The structure of a typical botnet comprises numerous stages. From the outset it is important to understand what is meant by an IRC client, program and server (as this is integral to the botnet functioning successfully). The IRC client is a program that runs on a computer and sends and receives messages to and from an IRC server. The IRC server, in turn, is responsible for making sure that all messages are broadcast to everyone participating in a discussion.
- Firstly, an attacker spreads a ‘trojan horse’, which infects various hosts. These hosts become ‘zombies’ that go on to connect to the IRC server in order to receiver further instructions for the attacker that is controlling the botnet.
- Secondly, the IRC server can either be a public machine in one of the IRC network or a dedicated server installed by the attacker on one of the compromised hosts.
- Finally, bots run on compromised computers, thus forming a botnet.
Moreover, it is possible to analyse the creation of a botnet in terms of different themes:
- Creation – The creation stage is largely dependent upon the skills of the individual attacker and the requirements of the context. An attacker can decide whether to write their own bot code or simply extend or customise an existing one.
- Configuration – The configuration stage involves supplying IRC server and channel information. Once installed on the compromised machine, the bot will connect to the selected host.
- Infection - The infection stage involves using various techniques to spread the bots – both direct and indirect. - Direct techniques – Direct techniques include exploiting vulnerabilities of the operating system of services. - Indirect techniques – Indirect techniques employ other software for the ‘dirty work’.
- Control – The control stage arises as a result of the aforementioned stages being complete, thus provided the attacker with effective control of the compromised computer.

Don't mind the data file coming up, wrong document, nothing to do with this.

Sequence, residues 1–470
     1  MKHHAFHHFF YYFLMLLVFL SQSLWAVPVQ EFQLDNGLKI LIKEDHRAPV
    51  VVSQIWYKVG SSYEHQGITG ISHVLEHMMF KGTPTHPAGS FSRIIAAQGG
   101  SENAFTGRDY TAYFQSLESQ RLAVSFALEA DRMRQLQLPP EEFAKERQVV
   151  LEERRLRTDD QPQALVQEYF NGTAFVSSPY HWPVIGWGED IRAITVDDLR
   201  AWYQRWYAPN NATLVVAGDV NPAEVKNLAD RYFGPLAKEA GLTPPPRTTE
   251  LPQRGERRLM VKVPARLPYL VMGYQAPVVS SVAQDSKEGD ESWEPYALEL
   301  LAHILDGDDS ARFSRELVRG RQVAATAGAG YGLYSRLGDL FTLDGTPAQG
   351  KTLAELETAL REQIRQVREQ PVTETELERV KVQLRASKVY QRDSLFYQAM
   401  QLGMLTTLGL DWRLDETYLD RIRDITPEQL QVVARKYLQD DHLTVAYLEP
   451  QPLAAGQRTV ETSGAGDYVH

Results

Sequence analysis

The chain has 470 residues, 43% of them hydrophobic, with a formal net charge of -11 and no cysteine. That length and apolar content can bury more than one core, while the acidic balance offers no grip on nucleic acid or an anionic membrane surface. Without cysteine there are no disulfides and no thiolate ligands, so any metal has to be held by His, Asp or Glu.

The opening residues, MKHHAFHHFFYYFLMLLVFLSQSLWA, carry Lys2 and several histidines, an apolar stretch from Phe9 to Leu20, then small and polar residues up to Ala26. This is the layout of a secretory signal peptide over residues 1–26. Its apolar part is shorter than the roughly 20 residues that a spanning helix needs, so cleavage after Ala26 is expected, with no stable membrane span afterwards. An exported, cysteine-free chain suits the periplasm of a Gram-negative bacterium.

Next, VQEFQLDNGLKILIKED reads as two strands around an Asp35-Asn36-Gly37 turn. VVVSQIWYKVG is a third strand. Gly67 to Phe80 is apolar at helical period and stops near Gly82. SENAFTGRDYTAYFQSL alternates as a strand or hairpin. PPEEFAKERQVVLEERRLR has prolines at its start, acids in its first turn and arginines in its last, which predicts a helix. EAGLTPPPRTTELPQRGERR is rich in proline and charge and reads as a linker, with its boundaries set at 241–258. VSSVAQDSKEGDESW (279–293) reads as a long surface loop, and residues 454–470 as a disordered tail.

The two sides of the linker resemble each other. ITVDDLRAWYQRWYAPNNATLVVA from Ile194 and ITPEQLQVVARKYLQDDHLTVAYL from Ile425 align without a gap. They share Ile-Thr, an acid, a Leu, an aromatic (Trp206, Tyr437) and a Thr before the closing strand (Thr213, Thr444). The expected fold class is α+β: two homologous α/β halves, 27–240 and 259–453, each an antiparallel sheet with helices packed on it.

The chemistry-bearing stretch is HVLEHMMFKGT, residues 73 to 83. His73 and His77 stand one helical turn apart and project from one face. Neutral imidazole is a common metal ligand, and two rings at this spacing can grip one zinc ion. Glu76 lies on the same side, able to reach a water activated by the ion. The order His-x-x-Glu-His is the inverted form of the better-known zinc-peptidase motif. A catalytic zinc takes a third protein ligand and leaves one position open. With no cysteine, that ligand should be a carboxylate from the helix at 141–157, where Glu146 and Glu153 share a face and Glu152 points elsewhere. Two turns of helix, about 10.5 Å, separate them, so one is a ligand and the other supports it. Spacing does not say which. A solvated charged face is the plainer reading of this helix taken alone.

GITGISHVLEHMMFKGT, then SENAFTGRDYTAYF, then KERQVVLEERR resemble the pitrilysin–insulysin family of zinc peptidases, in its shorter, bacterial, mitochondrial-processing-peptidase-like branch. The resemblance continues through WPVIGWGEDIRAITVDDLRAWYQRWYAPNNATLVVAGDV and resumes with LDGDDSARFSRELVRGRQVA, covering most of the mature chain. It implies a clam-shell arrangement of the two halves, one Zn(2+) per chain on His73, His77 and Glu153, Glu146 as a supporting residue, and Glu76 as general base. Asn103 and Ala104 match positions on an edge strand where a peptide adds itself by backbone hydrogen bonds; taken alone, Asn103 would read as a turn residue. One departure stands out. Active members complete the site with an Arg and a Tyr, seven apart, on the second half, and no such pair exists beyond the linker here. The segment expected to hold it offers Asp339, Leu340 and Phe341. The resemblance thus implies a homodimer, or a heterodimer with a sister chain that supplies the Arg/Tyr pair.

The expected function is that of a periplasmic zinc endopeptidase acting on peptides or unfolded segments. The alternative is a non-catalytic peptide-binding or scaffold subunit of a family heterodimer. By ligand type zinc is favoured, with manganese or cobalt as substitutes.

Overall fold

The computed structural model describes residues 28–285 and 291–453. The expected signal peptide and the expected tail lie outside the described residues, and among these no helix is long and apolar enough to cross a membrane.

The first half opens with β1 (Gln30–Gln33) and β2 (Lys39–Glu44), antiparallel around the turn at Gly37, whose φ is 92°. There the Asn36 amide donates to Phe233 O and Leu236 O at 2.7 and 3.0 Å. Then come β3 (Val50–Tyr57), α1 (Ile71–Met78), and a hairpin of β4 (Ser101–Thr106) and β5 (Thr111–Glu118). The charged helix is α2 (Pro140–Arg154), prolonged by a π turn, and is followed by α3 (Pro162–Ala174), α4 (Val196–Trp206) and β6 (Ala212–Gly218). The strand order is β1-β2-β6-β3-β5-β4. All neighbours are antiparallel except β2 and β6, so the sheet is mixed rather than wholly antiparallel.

It is interesting to note that the usage of botnets can be cited on a global scale. The existence of botnets has been documented across the United States, Europe, Russia and the Ukraine, China, Korea, Japan and South America.
As alluded to at the outset, botnets act as a major source of crime on the Internet. Moreover, it has been noted that some botnet operations ‘rent’ their botnets by the hour to individuals that wish to issue spam. Although Internet Service Providers have attempted to prohibit the act of spamming, when thousands or even hundreds of thousands of machines send five or ten pieces of spam, the spammer is able to escape notice. Furthermore, any spam that is successfully sent through a botnet is tracked back to the compromised computer, not (importantly) to the individual spammer.
Another notable use of botnets is with regard to ‘click fraud’. The basis for ‘click fraud’ is the simple fact that advertisers commonly pay a small fee for every click on an advertised link that is featured on a webpage. In light of this, a botnet operator with an advertising contract on a person domain can send a command to the computers in the compromised network to automatically click an advertising link whenever a browser is opened. Due to the simple fact that a botnet can be very large, click fraud poses a considerable problem for advertisers.